The National Security Law is a South Korean law which has the avowed purpose "to restrict anti-state acts that endanger national security and to protect [the] nation's safety and its people's life and freedom."...

, which restricts due process rights in political offense cases

Economic provisions

In Article 119, stable and balanced growth rates, "proper distribution of income", and preventing "abuse of economic power" are explicitly listed as goals of the government. The regulatory goal to "democratize the economy through harmony among economic agents" in the same article reflects the strong prevalence of traditional Korean values and the close relationship between politics and the economy. Article 125 designates foreign trade as a strategic area to be fostered, regulated and coordinated by the state. http://www.oefre.unibe.ch/law/icl/ks__indx.html

The Constitution affirms both the right and the duty to work, requiring regulation of minimum wages and working conditions. Workers have the right to independent association, collective bargaining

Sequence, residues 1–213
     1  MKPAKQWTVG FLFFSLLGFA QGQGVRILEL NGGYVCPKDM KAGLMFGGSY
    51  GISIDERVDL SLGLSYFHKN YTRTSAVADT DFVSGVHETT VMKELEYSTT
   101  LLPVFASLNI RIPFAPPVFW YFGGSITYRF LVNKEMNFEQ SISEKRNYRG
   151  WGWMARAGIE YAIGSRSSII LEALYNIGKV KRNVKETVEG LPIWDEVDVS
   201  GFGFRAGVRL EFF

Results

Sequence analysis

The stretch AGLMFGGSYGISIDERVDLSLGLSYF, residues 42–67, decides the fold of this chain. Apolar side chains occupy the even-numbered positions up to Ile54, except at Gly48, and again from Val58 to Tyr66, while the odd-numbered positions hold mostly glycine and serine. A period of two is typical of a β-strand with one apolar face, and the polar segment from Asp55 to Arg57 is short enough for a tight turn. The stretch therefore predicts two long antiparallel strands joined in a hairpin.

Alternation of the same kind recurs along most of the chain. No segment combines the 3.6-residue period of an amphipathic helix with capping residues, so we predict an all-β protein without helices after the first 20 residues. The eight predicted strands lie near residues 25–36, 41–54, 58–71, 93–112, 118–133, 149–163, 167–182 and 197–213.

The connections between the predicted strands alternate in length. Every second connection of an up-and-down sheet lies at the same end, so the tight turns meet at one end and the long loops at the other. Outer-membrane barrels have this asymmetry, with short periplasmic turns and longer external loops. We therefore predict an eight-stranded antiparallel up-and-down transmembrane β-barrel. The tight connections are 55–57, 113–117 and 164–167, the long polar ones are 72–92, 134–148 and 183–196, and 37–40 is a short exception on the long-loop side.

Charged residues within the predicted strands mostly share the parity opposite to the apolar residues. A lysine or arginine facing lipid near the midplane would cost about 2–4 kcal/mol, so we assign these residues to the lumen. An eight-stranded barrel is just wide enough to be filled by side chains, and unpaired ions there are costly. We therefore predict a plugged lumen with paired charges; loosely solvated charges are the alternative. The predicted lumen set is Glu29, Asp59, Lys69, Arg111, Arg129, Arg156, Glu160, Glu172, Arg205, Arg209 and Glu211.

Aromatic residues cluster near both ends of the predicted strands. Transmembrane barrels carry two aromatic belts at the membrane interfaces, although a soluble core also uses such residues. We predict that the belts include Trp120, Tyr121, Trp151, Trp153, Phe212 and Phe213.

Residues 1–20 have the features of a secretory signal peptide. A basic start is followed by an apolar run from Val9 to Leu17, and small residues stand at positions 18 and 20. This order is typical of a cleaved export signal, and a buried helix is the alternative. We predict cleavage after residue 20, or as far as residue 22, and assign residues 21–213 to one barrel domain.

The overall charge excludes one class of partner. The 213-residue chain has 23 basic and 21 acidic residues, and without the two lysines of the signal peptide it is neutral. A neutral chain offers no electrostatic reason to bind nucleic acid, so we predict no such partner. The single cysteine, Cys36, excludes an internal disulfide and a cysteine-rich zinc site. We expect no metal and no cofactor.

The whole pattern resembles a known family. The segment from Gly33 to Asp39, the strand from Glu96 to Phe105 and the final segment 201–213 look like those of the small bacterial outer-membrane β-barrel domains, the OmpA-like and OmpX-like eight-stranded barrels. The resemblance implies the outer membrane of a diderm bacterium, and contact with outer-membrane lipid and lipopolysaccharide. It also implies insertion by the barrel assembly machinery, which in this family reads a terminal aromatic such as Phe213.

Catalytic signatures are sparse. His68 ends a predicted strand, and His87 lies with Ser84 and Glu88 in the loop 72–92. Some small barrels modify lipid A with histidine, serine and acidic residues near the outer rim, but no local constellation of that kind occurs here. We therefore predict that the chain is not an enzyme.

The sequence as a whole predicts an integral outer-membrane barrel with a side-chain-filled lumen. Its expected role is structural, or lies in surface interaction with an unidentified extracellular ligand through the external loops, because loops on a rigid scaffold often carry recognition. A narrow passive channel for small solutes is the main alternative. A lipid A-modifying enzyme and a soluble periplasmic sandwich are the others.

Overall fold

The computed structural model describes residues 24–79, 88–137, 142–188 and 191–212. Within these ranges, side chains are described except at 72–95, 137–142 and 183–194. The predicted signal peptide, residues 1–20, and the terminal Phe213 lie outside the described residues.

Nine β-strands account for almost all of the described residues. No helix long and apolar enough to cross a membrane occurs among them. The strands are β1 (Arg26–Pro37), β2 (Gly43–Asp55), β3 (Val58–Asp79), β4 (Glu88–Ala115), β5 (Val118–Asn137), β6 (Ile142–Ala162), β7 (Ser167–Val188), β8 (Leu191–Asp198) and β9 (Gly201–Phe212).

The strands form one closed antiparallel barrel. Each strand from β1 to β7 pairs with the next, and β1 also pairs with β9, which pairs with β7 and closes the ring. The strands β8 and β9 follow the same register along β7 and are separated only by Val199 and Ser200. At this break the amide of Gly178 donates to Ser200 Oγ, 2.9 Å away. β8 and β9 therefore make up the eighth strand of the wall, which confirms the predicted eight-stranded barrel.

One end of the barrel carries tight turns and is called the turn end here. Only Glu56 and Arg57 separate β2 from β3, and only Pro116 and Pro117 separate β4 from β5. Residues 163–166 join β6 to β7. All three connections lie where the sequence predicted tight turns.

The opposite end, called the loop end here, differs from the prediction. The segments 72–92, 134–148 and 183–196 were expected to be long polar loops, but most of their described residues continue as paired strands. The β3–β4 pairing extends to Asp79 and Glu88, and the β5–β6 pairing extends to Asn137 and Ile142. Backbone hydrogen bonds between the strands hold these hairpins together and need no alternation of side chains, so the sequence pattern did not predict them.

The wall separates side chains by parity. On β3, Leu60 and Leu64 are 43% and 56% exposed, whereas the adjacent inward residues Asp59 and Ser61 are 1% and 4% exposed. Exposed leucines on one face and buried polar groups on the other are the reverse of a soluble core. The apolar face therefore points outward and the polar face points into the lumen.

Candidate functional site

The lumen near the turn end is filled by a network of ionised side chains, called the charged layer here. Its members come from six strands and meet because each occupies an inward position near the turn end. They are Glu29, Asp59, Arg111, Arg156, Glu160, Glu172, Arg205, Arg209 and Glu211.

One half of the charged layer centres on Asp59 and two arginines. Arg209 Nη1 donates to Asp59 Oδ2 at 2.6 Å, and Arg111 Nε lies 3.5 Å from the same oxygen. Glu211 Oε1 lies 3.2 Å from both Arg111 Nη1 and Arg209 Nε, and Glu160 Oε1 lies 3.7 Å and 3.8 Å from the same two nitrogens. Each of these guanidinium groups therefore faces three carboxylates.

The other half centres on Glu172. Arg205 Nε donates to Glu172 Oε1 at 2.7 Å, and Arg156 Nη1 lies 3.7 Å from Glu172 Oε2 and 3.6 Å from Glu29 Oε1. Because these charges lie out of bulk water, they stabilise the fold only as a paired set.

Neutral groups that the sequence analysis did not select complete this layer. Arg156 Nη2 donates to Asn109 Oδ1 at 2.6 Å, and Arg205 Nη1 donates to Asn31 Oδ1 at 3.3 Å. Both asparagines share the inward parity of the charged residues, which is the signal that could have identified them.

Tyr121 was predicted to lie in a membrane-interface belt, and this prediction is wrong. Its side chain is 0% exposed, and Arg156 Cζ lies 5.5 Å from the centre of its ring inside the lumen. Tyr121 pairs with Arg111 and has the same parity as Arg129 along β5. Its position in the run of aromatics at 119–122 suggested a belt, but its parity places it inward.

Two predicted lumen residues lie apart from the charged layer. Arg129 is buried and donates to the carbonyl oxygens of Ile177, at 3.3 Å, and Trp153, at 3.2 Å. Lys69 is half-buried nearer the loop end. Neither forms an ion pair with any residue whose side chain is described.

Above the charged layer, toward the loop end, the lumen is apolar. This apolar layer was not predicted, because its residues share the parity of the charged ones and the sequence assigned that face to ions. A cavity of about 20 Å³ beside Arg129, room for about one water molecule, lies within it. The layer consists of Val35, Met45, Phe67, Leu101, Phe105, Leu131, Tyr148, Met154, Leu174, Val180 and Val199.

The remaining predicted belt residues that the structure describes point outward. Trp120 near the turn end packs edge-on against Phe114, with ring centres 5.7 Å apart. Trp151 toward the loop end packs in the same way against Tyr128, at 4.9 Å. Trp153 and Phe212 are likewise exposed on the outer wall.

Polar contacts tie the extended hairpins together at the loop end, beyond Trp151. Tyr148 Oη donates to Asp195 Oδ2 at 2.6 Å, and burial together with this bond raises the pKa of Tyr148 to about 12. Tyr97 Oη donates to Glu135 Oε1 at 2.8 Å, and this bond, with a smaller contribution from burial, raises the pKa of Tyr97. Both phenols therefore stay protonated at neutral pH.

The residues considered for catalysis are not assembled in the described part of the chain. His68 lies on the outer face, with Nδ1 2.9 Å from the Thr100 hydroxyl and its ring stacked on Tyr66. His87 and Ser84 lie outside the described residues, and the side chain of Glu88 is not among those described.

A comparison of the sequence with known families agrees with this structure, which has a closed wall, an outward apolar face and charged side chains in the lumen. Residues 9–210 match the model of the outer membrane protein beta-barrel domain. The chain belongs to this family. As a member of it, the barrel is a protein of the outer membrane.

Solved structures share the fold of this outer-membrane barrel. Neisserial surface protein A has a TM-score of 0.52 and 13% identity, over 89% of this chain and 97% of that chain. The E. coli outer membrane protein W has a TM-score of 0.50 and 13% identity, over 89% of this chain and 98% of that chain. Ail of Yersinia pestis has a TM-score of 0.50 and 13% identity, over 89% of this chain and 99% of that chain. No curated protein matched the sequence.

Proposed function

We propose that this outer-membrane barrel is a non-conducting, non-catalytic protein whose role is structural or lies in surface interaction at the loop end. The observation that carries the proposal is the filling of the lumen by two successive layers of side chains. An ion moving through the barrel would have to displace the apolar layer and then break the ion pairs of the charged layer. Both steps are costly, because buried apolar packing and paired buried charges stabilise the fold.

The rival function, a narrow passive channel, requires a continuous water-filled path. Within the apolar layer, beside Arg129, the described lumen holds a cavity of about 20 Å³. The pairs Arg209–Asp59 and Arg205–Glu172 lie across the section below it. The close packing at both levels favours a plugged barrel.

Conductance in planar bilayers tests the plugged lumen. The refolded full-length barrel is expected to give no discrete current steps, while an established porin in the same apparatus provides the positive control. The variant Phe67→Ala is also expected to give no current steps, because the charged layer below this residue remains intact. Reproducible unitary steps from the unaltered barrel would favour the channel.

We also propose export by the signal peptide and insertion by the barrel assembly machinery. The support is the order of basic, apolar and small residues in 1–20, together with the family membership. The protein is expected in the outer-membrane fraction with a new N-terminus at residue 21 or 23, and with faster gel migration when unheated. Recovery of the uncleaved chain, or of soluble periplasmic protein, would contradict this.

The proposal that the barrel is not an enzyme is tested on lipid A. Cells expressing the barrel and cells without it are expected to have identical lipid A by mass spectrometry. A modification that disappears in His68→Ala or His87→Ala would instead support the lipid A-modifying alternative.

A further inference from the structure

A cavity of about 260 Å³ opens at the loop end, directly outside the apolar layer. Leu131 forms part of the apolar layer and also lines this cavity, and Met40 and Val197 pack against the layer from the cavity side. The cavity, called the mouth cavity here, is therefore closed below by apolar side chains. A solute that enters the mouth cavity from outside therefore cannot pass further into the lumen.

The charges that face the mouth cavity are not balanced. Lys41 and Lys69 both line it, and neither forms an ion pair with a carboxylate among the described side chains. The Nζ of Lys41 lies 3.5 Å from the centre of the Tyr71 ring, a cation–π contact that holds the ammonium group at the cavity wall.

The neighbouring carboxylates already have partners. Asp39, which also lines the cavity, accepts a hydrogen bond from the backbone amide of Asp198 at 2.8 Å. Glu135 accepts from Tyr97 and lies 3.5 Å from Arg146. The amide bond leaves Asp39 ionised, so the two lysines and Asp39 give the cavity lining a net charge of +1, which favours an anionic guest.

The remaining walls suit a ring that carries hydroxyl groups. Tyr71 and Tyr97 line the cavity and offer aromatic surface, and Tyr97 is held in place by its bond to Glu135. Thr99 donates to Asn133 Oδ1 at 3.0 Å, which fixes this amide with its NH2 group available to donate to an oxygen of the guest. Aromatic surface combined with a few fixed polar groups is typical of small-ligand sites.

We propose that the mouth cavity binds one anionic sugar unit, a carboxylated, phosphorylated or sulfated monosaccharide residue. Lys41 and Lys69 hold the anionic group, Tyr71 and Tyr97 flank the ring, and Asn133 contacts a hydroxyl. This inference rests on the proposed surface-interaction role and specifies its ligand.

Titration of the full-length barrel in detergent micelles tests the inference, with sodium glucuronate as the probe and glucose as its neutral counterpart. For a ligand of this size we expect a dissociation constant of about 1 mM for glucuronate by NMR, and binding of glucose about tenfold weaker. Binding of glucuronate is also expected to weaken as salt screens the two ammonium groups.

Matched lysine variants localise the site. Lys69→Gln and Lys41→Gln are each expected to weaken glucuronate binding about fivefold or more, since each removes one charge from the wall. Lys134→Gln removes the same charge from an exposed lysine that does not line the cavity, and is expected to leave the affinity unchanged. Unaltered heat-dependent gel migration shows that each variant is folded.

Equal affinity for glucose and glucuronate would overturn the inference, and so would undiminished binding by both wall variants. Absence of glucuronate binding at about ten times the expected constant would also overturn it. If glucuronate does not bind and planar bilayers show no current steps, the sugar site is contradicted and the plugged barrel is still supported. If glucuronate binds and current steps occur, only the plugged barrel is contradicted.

Collective bargaining
Collective bargaining is a process of negotiations between employers and the representatives of a unit of employees aimed at reaching agreements that regulate working conditions...

, and collective action.

Constitutional Court

Following the 1987 amendment, the Constitutional Court was established in September 1988. Based on the European model, it is a specialized court that determines the Constitutionality of laws, disputes between governmental entities, Constitutional complaints filed by individuals, impeachment
Impeachment is a formal process in which an official is accused of unlawful activity, the outcome of which, depending on the country, may include the removal of that official from office as well as other punishment....

s, and dissolution of political parties. Earlier constitutions provided for various forms of judicial review
Judicial review
Judicial review is the doctrine under which legislative and executive actions are subject to review by the judiciary. Specific courts with judicial review power must annul the acts of the state when it finds them incompatible with a higher authority...